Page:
Dancing Over Depression

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Published February 19, 2020
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The Montclarion
Polly Londis | The Montclarion

New Jersey’s currently in the dead of winter right now, when most individuals with mental health issues tend to suffer from seasonal depression. Some may feel as though they are trapped inside with mounting school work, iffy dining hall food, chilly weather and it feels as if the walls are closing in. It may sound crazy, but what better time to bust a move?

Dancing away depressive thoughts has been catalogued positively over the last few years. “The Effect of Dance over Depression,” a scholarly article on ResearchGate, describes its findings as just that.

Researchers made a selection of students endure 12 weeks of dance training. These students attended dance classes three times a week on Tuesdays, Thursdays and Saturdays. Results found that dancing regularly was extremely effective on the depression levels of the subjects participating in the research as the training group.

Exercise and music are two things that have been scientifically proven to combat feelings of anxiety and depression. If someone is extremely introverted and not open to face-to-face traditional therapy, or if words escape you when you’re deeply upset, then this might be a temporary fix.

You don’t have to go to any kind of Zumba class or do any intense cardio on campus if you are too shy. For those who cannot, or simply do not wish to leave their room, a great starting point is “Just Dance.”

“Just Dance” is a video game made by Ubisoft. The game can provide validation and motivation while the player works out. A new edition of the game is released each fall, so there’s never a shortage of content. Plus, if you are subscribed to their service “Just Dance Unlimited,” then you get access to 99% of their entire dance catalog to use anytime you want.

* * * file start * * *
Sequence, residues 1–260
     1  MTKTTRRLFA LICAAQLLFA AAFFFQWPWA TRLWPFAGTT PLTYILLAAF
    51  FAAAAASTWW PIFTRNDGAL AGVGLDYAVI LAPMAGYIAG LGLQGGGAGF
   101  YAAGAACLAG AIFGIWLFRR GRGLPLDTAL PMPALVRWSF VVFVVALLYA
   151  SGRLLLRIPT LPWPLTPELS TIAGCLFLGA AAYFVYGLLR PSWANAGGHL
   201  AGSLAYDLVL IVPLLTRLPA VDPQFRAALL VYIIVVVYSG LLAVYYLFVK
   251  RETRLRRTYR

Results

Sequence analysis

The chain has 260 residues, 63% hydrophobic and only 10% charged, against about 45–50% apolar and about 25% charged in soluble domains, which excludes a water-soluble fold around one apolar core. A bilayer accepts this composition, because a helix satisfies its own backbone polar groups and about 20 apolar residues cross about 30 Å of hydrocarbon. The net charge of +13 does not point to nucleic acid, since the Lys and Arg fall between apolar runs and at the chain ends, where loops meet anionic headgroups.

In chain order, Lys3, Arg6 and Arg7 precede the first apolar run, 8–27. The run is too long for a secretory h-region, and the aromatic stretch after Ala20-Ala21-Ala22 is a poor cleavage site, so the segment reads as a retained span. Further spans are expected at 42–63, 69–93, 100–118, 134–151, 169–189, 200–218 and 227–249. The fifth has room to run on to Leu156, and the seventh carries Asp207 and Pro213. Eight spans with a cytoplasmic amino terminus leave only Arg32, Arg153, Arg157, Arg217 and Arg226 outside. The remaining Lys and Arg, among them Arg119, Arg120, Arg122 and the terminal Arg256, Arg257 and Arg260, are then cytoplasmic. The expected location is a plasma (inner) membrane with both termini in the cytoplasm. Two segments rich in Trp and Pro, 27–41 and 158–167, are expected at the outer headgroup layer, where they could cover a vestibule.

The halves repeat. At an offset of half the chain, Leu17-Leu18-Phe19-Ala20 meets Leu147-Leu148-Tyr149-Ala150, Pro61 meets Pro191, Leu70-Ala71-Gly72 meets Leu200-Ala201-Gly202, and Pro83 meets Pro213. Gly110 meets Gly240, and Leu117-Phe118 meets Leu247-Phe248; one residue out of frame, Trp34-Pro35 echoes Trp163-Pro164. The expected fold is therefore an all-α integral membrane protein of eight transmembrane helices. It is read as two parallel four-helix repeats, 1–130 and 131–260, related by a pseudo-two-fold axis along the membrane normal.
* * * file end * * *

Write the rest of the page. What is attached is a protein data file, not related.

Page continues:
Choreography is as hard as you make it. If you do a move correctly in the game, you get a “perfect.” Truthfully, it is hard to earn an “X” when you actually put in time and effort. Try nailing a routine with all “perfects” and “supers.” It’s hard, but it can be liberating.

Most of us are no strangers to “Just Dance,” and many of us have likely played it at a friends house at some point or another. The point being is its popular for good reason. It’s fun and gets you moving. “Just Dance” is also becoming more easily accessible to the average person.

There is a version that can be played from a desktop browser with a phone app as a controller. This version is great for students who want to get a few moves in without leaving the comfort of their dorm.

The next time people use music in order to soothe their mental health, throwing in some movement could make the effect that much more powerful.

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